“Going the extra mile” is a common idiom today, but it comes from something Jesus said. Do we truly understand what He meant in the first century?
During the Sermon on the Mount, the disciples of Jesus sat listening to Him as He described how to approach God’s law. In each case, He spoke of going beyond the letter of the law to its intent, discussing the spiritual dimensions of commandments such as those prohibiting murder and adultery (Matthew 5:21-48).
At one point in this extensive discussion, Jesus told His followers that when someone “compels you to go one mile, go with him two” (verse 41). It is from this statement that we derive the modern English idiom of “going the extra mile.”
Merriam-Webster.com defines “go the extra mile” as “to do more than one is required to do.” The dictionary also provides this example of the idiom in a sentence: “She’s always willing to go the extra mile to help a friend.”
Our idiom, however, does not have the exact same meaning as the words of Jesus. We may not grasp His meaning today at first glance, but the people of first-century Galilee would have understood immediately. In fact, many of them would have been shocked. For us to understand, we need some historical context.
Going the extra mile under Roman rule
Galilee, where Jesus made His statement about going the extra mile, was under Roman occupation. The Roman Empire controlled much of the Mediterranean world, including all of the areas where Jesus lived and taught.
Rome had built its empire through the strength of its military machine, combined with its engineering genius. The empire was committed to building an infrastructure that allowed Roman armies to move quickly throughout lands it controlled. Roman roads were an engineering marvel during the first century.
Soldiers traversing these roads often carried equipment and supplies. Roman law, recognizing the importance of moving its troops quickly, included a provision that allowed soldiers to compel “civilians to carry the luggage of military personnel a prescribed distance, one Roman ‘mile’” (Expositor’s Bible Commentary).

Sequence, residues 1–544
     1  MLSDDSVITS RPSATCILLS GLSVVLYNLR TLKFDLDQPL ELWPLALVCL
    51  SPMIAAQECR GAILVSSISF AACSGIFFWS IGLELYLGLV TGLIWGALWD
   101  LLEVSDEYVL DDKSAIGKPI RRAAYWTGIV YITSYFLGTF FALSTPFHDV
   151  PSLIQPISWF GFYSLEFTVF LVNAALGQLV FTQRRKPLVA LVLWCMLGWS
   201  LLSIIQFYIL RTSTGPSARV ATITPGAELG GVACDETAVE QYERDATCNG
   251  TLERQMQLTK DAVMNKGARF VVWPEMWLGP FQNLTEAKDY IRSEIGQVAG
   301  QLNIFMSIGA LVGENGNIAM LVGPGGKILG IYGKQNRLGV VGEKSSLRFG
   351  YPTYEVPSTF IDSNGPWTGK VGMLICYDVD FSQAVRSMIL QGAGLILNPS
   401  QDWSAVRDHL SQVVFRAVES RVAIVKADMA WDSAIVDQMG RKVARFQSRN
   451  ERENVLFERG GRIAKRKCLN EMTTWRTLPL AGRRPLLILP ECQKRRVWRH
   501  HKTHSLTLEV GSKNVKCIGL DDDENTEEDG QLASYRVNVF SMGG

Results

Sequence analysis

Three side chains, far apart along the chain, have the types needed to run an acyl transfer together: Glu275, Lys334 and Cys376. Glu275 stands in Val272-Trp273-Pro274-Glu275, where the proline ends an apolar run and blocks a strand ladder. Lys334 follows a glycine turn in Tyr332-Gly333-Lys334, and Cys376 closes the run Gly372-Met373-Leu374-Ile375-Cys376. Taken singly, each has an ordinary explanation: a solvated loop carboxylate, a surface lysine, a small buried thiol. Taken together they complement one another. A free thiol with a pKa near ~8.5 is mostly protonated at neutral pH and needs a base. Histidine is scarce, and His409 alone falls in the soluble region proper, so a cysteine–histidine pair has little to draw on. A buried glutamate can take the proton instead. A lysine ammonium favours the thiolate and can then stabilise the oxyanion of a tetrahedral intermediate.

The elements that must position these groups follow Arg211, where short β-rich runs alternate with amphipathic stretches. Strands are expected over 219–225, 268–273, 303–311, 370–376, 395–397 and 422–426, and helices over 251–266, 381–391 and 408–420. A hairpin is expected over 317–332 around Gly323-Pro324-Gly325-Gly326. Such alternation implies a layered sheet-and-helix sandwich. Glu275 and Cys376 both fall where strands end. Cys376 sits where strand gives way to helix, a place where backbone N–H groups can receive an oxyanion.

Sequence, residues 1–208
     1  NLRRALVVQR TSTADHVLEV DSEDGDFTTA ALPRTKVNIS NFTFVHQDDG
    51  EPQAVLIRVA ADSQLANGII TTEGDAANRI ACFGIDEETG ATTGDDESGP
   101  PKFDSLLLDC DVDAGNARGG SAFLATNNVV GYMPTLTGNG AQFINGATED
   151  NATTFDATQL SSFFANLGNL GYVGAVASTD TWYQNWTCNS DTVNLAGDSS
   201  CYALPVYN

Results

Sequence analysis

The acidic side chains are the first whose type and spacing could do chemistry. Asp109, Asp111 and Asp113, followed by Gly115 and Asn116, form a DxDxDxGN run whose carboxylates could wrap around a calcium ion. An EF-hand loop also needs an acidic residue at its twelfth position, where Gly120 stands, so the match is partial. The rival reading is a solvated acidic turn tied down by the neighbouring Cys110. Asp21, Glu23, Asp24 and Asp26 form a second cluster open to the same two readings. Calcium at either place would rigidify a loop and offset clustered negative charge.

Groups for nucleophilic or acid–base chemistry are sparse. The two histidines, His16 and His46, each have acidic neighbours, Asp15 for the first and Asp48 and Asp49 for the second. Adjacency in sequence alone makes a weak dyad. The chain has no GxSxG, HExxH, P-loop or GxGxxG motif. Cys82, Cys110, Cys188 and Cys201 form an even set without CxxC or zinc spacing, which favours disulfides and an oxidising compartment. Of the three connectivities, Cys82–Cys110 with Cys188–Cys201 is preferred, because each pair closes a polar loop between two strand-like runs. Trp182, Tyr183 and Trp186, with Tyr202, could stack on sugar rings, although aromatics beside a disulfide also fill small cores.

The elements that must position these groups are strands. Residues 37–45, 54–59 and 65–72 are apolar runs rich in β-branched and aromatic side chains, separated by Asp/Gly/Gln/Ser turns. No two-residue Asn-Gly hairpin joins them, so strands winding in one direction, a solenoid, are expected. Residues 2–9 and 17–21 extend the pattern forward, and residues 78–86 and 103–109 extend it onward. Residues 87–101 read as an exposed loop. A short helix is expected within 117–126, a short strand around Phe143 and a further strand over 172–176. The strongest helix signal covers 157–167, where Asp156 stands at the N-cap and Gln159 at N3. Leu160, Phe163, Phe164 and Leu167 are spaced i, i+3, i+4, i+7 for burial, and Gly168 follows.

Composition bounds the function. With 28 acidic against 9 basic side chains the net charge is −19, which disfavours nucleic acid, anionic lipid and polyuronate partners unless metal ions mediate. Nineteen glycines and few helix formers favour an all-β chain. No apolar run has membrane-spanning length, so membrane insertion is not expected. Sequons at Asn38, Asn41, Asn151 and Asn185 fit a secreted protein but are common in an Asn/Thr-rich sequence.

Roman roads typically included mile markers. (A Roman mile was about 90 percent of a modern mile.) These stone markers, in conjunction with the law, “made it possible for a soldier to compel a civilian to carry his pack from one milestone to the next” (Ralph Gower, The New Manners & Customs of Bible Times, p. 232).
When Jesus told those listening to Him to “go with him two,” or go an extra mile, He was alluding to this Roman practice. For the Jews living under Roman dominion, this requirement was just one more source of anger and bitterness toward the empire.
An eye for an eye
As noted above, Jesus spoke about going an extra mile in the context of explaining the spiritual intent of the law. Before giving each of several example He first told His listeners that “you have heard” (verses 21, 27, 33, 38 and 43) or “it has been said” (verse 31), referring to some aspect of the law. He then introduced the spiritual dimension of the law by adding, “but I say” (verses 22, 28, 32, 34 and 44) or “but I tell you” (verse 39).
The “you have heard” statement that preceded Jesus’ words about going an extra mile was a reference to a law about justice: “an eye for an eye and a tooth for a tooth” (verse 38).
Those words seem strange to the modern mind, but they were a shortened form of an Old Testament passage discussing physical violence and its consequences: “But if any harm follows, then you shall give life for life, eye for eye, tooth for tooth, hand for hand, foot for foot, burn for burn, wound for wound, stripe for stripe” (Exodus 21:23-25).
This law encapsulates the judicial principle scholars call lex talionis (Latin for the law of retaliation). In essence, this means that an offender, found guilty after a judicial proceeding, should face a punishment in proportion to the pain and suffering he inflicted on the victim.
It is important to understand that this law was not about seeking personal vengeance. It was not about an individual’s response to an offense. Rather, it was a law intended to establish justice among the tribes of Israel, prescribing the way that judges should mete out punishments to offenders. As such, it actually precludes personal vendettas.
When Jesus spoke of “an eye for an eye,” He was speaking of our human desire to seek justice after we have been wronged. This, of course, is quite natural. When we are hurt, we want those who have hurt us to suffer the consequences of their unjust acts.